At first, I was a little sad.
Then, and it surprised me to feel this way, I was… relieved.
For more than a year, I wore a fitness tracker on my wrist. I saw it as a game to play against myself.
And it was definitely rewarding on those days where I was active. Look at all those steps!
But after a while, it became more of a chore than a reward.
I felt guilty if I took it off.
I actually got angry when I thought I wasn’t getting fully recognized for a day’s activity.
I caught myself dragging Ellie for one more turn around the block (in a downpour!)… just because I was a “few steps short.”
And if I forgot to recharge it. It was a total letdown.
So when I realized that my fitness tracking band was critically ill… then DOA. I felt a sense of loss. But then I was glad it was dead.
Goodbye, “shame tracker!”
Now I love data, and I like keeping track of things.
And if you’re the same, having some “tech” way of keeping tabs on your fitness can be fun and motivating.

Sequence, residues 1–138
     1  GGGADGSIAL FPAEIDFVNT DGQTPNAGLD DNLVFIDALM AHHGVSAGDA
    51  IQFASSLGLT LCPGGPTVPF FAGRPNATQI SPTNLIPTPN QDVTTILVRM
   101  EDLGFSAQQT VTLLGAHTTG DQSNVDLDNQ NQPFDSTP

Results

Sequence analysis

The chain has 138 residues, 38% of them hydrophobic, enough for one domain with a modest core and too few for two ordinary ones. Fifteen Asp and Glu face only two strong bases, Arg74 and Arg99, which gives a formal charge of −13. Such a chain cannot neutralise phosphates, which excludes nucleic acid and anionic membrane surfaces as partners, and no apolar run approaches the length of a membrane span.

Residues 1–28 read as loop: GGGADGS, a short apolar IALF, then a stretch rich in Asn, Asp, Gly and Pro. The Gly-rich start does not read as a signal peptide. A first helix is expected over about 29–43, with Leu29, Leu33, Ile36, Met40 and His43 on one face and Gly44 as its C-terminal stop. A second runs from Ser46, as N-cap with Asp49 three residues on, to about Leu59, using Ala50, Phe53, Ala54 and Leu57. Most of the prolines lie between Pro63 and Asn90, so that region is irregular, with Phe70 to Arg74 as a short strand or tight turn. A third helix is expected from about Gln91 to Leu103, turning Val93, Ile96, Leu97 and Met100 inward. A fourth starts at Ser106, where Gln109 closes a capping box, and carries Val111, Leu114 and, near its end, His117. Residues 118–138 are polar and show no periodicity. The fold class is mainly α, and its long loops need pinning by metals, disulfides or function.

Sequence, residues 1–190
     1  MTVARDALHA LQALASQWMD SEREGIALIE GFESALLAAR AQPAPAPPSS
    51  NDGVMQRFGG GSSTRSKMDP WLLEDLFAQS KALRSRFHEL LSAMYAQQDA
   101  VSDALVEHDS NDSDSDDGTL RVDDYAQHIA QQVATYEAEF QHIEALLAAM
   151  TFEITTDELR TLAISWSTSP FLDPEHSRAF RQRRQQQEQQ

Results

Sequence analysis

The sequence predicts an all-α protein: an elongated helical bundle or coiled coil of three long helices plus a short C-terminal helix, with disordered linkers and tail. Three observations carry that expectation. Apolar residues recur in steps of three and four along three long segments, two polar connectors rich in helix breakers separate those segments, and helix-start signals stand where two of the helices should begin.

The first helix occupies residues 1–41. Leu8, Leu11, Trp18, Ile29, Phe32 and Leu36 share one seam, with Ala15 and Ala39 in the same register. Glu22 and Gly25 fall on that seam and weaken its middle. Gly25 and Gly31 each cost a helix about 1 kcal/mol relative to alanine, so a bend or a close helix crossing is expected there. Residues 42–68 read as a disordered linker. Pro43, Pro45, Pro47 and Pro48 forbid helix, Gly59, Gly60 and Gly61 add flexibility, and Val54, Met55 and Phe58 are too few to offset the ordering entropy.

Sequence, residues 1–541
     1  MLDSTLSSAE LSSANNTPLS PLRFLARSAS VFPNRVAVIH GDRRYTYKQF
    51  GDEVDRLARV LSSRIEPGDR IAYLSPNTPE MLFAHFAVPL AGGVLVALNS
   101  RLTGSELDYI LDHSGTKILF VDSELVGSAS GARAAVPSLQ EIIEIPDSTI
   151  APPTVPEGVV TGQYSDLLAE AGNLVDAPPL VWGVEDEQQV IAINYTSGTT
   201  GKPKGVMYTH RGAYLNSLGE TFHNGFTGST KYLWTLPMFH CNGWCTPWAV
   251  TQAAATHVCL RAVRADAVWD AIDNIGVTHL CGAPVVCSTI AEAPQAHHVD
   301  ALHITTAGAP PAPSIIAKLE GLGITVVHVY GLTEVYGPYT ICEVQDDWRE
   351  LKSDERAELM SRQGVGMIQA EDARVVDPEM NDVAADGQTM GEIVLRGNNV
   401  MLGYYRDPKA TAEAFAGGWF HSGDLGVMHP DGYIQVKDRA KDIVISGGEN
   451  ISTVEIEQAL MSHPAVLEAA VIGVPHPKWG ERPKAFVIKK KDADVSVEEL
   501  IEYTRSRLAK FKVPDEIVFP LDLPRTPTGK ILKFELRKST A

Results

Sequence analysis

But when you’re finding yourself a slave to your GPS device, or Apple Watch, or any one of a 100 fitness band like devices, it may be time to unplug.
Because regular exercise isn’t just about pace, or steps, or time spent moving.
It’s about being present, and listening to your body.
Technology has a hard time measuring stress, or fatigue, or overtraining, or the fact that you’re about to come down with something.
If it’s 95 degrees out, your band isn’t likely to tell you to slow down.
I still use my GPS watch to know how far I’m going if I set out on a new route. But I also leave it at home more often now.
Just to focus on the music in my ears, or the sounds around me, or the thoughts in my head.
I don’t need a “robo-nagger” to beat me over the head with fitness data.
Sometimes it’s fun to remember what it was like to exercise for pleasure. Nobody measured your step count when you were a kid, running through the fields.
It’s not a bad idea to focus on the joy of movement once in a while. And it can actually make you better at it, which seems counter-intuitive but the science suggests just that.
A small study of cyclists found that those who focused on hitting a certain measurement – like pace on their watch – felt like they were really exerting themselves.
But those that let go of specific “tech” things and focused on their breathing, or form… or nothing at all… felt better during their ride, and get this: performed as much as 10% better.
Imagine that. Better results with less worry.
Maybe I’ll finally stop thinking about replacing my little wrist-nagger.
Enjoy the rest of your weekend.